The United Nations Security Council has called on all sides in Ukraine to uphold a European-brokered cease-fire following an upsurge of fighting on both sides. Recent clashes have raised fears of an all-out war.
UN political chief Jeffrey Feltman told an emergency UN Security Council meeting on Friday that the cease-fire in Ukraine would have to be fully respected and the protection of civilians given priority.
"We are either looking at a return to a deepening intractable conflict or a momentary upsurge in parts of the conflict zone," he told the council, adding, "We cannot afford either scenario."
The statement comes as the last round of talks under the initiative of the Organization for Security and Cooperation in Europe (OSCE) had ended without visible results earlier this week.
"We urgently call on the sides to return to the negotiations table and resolve all the questions," OSCE monitoring mission deputy head Alexander Hug told the United Nations Security Council.
"The violence witnessed in and around the town of Marinka constitutes a new, worrying development in the conflict."
Ukraine crisis on G7 agenda
The Ukraine crisis will also be high on the agenda of the upcoming G7 meeting in Germany - without Russia allowed to attend. Ukrainian President Poroshenko said that he would speak by phone with US President Barack Obama and German Chancellor Angela Merkel ahead of the gathering.
Germany's foreign minister Frank-Walter Steinmeier had also voiced his worries about an escalation of the crisis ahead of the summit.
The United States, the EU and Germany have all expressed alarm over the renewed violence, with Washington warning Moscow that it might face new sanctions if the crisis escalated any further, adding that the US might get actively involved in the conflict.
Deadly clashes in Marinka
Street fights in eastern Ukraine have killed nearly 30 people including over the past few days. Clashes erupted near the settlement of Marinka, just west of Donetsk, with both sides reporting fresh instances of shelling since the weekend and particularly heavy fighting on Wednesday.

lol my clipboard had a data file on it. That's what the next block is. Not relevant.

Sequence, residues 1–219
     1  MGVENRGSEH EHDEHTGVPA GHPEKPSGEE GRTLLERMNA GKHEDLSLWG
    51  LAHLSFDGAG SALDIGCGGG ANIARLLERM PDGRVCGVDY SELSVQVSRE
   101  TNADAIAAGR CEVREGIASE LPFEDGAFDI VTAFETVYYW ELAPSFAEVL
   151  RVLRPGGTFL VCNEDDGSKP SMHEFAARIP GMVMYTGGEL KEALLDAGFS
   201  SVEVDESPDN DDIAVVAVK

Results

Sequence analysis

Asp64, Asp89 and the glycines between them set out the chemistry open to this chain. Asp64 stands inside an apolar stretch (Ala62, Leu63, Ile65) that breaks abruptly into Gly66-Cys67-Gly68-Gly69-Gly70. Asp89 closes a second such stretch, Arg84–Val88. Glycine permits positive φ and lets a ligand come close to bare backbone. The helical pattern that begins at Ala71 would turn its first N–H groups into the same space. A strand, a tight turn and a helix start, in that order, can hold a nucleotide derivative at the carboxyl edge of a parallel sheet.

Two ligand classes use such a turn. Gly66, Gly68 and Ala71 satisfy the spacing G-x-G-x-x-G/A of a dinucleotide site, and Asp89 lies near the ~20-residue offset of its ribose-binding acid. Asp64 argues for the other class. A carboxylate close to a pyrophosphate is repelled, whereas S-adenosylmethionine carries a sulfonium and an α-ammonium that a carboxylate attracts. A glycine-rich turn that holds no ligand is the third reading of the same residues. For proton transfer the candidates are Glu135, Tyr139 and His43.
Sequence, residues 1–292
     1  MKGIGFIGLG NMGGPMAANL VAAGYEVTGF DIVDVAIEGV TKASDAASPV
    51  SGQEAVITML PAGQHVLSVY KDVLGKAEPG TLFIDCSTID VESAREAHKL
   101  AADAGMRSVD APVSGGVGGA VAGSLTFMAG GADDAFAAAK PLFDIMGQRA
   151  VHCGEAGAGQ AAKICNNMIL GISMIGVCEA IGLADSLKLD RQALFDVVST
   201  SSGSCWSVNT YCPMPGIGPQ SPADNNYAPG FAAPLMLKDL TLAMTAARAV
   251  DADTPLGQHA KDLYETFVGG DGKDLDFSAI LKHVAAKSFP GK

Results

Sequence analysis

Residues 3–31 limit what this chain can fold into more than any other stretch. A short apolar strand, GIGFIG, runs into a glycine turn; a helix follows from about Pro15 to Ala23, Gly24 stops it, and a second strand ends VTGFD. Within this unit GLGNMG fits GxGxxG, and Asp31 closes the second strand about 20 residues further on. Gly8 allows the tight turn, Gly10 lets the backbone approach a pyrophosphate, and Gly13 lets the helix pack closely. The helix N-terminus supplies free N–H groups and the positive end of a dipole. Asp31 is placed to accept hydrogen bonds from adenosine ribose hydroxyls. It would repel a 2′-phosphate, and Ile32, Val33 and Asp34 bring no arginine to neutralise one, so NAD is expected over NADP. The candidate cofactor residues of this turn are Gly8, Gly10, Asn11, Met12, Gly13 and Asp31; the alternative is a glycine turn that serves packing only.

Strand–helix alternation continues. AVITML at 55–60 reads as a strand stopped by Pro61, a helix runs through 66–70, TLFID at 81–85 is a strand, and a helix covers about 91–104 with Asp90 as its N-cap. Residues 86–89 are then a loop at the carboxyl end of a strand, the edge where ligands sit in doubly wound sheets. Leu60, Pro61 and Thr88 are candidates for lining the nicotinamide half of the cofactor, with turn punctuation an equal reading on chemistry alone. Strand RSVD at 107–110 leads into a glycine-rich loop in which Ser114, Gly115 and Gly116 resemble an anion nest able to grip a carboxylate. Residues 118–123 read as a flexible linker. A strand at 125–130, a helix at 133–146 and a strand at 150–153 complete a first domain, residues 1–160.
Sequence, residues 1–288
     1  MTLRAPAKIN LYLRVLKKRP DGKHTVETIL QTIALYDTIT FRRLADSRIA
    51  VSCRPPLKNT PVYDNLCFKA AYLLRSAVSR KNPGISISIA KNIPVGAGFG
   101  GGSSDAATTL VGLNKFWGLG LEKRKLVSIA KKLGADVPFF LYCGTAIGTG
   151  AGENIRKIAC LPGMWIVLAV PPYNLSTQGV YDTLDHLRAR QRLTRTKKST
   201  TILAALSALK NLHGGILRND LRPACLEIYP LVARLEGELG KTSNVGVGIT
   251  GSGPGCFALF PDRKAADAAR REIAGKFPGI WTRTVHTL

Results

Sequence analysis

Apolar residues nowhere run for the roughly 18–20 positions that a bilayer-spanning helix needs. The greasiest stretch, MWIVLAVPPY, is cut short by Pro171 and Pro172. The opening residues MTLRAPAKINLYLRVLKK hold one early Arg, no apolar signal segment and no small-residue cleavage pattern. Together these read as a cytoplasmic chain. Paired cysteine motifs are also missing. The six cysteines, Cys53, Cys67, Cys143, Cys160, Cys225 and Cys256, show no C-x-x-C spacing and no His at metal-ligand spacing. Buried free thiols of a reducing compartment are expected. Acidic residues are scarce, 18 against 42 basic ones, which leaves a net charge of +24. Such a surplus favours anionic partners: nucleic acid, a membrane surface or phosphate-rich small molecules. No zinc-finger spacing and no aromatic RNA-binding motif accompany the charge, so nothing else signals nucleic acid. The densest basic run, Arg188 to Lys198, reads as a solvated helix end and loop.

Ukraine has accused pro-Moscow rebels of revving up their offensive, while separatist forces claim that the Ukrainian military is to blame for the fighting.
There were also reports of rebels firing on a village in the region of Lugansk and another village near the government-controlled city of Mariupol, the Ukrainian military said.
Poroshenko warns of 'colossal threat' to stability
Ukrainian President Petro Poroshenko warned of a threat of a full-blown Russian invasion in the east of the country, adding that Moscow had deployed "an unprecedented" number of troops along the border.
"There has never been such an amount of troops near our borders since August," Poroshenko said, referring to the height of the hostilities last year, during which Kyiv regular Russian troops were involved in addition to rebel forces.
"I believe that there must be a reason to have such a powerful force in place. The threat of Russian invasion is unprecedented. The entire Russian military arsenal is already there, everything but submarines."
In an address to parliament on Wednesday, Poroshenko warned of a "colossal threat" of a serious escalation, claiming that more than 9,000 Russian soldiers were on Ukrainian soil to support the insurgency. He used the upsurge in Russian military presence to justify his mobilization of 50,000 Ukrainian troops in the crisis region. The president also repeated his plea to the UN to send peace-keeping troops.
However, the Ukrainian also army admitted that it had resorted to the use of heavy artillery banned by the European-brokered peace agreement, and accused the rebels of using weapons also prohibited by the truce deal.
According to UN figures, more than 6,400 people have been killed in the fighting since April 2014.
sbs/kms (AFP, dpa)